Funding Unique, Promising Ideas: The 2021 Salk Innovation Grants

Thanks to the forward-thinking minds of longtime Salk supporters Irwin and Joan Jacobs, every year since 2009 Salk’s Innovation Grants Program has rewarded out-of-the-box ideas that hold significant promise but may not yet have the track record to attract funding from more traditional sources.

With awards given semiannually by peer review, Salk’s Innovation Grants Program is critical for catalyzing emerging science with the power to redefine the future. Since its inception, the program has prompted a host of discoveries. The most recent class of recipients are evidence of the continued impact Innovation Grants awards have on Salk research.

Congratulations to all the 2021 winners!

Sreekanth Chalasani
The Chalasani lab is seeking to understand how animals make decisions. Associate Professor Sreekanth Chalasani and graduate student Jess Haley will use a novel microscopy system to record the activity of most, if not all, neurons in the C. elegans “brain” as it learns, remembers and makes decisions. They will discover neuronal changes associated with each of these three phenomena (learning, memory and decision-making), providing a framework for analyzing more complex brains.

Tony Hunter
RNA Polymerase III (Pol III) mutations cause hypomyelinating leukodystrophy (HMLD), a fatal neurodegenerative disease caused by defective CNS nerve myelination. In yeast, conserved Pol III HMLD disease mutations cause growth defects, which are rescued by inhibiting the sumoylation pathway. Professor Tony Hunter’s lab will investigate if Pol III mutant-derived neurodegenerative phenotypes are recapitulated in human neural cells and in animal models, and, if so, how the sumoylation pathway contributes to such phenotypes. This could implicate sumoylation as a target for rescue of Pol III-related neurodegenerative diseases.

Geoffrey Wahl
Intercellular interactions activate signaling pathways and cause phenotypic changes. The Wahl lab suspects such interactions contribute to cancer metastasis, a deadly killer of cancer patients, yet there are no methods to track the constellation of cells that a cancer cell interacts with in the metastatic niche. Professor Geoffrey Wahl, Postdoctoral Fellow Nikki Lytle and Project Scientist Leo Li will develop Contact Tracing, an innovative tool to indelibly label interacting cells for subsequent identification, isolation and analysis. This may reveal cellular relationships that drive metastatic progression.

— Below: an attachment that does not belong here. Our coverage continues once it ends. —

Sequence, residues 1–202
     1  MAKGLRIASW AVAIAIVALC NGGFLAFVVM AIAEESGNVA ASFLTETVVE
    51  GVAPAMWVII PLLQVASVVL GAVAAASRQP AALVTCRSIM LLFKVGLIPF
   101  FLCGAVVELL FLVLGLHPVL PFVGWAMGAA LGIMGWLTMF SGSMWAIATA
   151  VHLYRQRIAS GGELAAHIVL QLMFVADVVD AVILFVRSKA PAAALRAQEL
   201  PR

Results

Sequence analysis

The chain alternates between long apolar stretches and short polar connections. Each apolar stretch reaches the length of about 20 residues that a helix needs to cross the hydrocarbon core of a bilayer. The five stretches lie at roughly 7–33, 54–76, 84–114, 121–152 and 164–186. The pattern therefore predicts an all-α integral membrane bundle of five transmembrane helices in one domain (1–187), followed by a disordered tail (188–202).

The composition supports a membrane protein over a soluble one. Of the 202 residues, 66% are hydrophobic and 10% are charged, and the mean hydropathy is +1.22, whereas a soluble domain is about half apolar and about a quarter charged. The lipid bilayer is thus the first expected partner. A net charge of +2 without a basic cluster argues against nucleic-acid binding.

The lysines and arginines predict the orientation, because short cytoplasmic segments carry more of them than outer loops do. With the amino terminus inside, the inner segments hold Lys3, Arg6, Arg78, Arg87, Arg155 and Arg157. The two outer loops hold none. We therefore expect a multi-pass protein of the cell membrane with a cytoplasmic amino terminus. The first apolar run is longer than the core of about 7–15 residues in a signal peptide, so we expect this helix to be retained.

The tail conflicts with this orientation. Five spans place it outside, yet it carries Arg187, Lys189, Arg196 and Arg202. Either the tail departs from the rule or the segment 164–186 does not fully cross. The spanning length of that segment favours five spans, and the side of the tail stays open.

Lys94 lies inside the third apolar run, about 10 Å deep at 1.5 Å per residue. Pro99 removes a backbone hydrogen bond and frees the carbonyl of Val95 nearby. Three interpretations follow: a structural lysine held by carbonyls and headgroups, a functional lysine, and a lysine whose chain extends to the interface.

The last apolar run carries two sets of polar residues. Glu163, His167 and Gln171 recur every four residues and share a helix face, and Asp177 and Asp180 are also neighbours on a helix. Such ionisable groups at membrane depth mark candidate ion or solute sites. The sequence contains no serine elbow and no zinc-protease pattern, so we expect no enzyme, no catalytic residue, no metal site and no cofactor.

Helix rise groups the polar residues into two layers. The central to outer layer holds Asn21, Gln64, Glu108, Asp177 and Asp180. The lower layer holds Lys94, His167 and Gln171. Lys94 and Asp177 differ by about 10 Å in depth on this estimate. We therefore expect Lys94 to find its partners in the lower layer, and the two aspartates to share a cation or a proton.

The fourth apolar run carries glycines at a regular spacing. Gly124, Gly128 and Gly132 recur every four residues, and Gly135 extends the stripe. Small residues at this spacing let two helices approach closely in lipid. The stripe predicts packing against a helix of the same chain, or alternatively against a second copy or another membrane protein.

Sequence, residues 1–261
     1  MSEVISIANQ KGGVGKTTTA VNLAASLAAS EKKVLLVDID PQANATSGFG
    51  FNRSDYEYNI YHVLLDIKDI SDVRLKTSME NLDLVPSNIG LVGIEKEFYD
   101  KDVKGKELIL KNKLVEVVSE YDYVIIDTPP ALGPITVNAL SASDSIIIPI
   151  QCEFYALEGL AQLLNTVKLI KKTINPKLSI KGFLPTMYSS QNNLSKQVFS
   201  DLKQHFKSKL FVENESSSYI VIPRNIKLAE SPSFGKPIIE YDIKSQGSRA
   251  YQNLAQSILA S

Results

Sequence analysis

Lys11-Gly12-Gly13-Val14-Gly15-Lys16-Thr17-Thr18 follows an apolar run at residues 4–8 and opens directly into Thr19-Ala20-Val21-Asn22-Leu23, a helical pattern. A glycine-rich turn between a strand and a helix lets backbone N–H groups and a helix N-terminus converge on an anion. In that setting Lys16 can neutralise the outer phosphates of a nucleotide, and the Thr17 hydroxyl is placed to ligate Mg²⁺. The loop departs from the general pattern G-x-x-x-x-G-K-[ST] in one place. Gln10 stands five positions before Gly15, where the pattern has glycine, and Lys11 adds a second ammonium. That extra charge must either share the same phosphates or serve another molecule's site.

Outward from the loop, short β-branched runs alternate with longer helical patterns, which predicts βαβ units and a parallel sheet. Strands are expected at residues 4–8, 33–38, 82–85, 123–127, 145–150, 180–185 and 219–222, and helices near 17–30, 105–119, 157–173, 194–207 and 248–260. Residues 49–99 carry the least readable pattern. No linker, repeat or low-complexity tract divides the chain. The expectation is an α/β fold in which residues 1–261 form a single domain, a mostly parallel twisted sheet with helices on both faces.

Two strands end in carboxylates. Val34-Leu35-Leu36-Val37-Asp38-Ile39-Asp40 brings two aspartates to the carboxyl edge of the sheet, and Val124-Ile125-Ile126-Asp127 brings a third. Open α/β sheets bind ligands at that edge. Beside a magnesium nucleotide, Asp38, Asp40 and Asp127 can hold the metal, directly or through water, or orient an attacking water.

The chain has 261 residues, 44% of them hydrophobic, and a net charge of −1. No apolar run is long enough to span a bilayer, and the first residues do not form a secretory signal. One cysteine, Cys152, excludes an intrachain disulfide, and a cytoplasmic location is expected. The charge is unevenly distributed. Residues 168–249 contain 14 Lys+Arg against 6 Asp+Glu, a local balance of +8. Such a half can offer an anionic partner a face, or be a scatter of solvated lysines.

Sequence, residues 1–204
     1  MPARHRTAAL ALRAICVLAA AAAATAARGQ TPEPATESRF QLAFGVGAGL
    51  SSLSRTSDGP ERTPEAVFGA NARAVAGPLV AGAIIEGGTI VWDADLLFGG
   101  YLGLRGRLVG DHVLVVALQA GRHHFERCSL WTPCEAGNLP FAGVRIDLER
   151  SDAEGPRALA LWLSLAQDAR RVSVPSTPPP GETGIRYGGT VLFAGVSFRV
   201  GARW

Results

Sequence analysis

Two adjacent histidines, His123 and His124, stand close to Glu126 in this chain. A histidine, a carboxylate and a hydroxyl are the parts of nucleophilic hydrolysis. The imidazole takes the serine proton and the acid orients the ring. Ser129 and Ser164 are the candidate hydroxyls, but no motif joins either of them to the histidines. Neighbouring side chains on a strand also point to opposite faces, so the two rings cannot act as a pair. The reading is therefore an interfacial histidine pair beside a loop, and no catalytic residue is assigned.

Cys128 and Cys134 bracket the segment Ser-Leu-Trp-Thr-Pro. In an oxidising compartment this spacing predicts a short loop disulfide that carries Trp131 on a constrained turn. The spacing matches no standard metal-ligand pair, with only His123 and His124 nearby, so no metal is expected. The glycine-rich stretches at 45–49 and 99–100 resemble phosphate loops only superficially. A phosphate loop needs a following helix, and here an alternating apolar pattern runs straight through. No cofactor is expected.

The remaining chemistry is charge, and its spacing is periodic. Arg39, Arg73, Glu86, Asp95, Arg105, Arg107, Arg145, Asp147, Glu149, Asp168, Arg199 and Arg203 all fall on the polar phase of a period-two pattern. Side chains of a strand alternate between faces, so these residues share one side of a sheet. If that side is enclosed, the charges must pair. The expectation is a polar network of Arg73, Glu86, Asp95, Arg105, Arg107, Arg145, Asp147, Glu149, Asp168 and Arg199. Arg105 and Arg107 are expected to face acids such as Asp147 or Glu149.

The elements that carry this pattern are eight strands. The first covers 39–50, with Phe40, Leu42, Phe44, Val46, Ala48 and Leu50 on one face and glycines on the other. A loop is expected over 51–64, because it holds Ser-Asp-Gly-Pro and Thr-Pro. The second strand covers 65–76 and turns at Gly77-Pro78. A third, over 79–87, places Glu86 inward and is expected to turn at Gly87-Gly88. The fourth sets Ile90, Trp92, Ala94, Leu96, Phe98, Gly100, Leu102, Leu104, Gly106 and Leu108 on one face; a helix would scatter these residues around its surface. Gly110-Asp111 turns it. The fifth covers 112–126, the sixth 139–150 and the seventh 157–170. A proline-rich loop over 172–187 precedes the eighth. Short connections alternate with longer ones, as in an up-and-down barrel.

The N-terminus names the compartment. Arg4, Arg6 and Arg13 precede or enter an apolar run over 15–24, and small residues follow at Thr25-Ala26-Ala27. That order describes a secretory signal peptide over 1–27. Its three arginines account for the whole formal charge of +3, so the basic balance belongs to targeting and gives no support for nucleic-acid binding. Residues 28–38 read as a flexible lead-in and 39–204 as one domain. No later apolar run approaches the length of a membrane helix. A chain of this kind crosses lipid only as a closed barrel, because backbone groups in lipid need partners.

2021 Collaboration Grants

The Collaborative Grants provide critical seed funding to large, bold ideas involving three or more Salk investigators.

Aging is associated with dysfunctional immune responses, but no one knows the initiating events behind these processes. Professor Susan Kaech, Associate Professors Diana Hargreaves and Ye Zheng and Assistant Professor Jesse Dixon believe epigenetic influences are particularly vulnerable to age and that many of the age-related changes in immune function and inflammation stem from epigenetic dysfunction. The scientists will determine the effects of age on these factors during a viral infection, identify key features in aging-associated decline in immunity, and facilitate efforts to improve immune response in older patients.

ALS is hallmarked with delayed adult onsets at unpredictable sites followed by devastating and progressive spread. Professor Samuel Pfaff, Associate Professors Axel Nimmerjahn and Nicola Allen, and Assistant Professor Eiman Azim believe that disease onset is accelerated or triggered by secondary environmental insults. An understanding of these environmental interactions could lead to avenues that would delay ALS onset, so the scientists are investigating how genetic models of ALS react to these environmental insults, which will begin to define how genetic predisposition and secondary environmental events converge to trigger ALS.

Kay Tye selected as Howard Hughes Medical Institute Investigator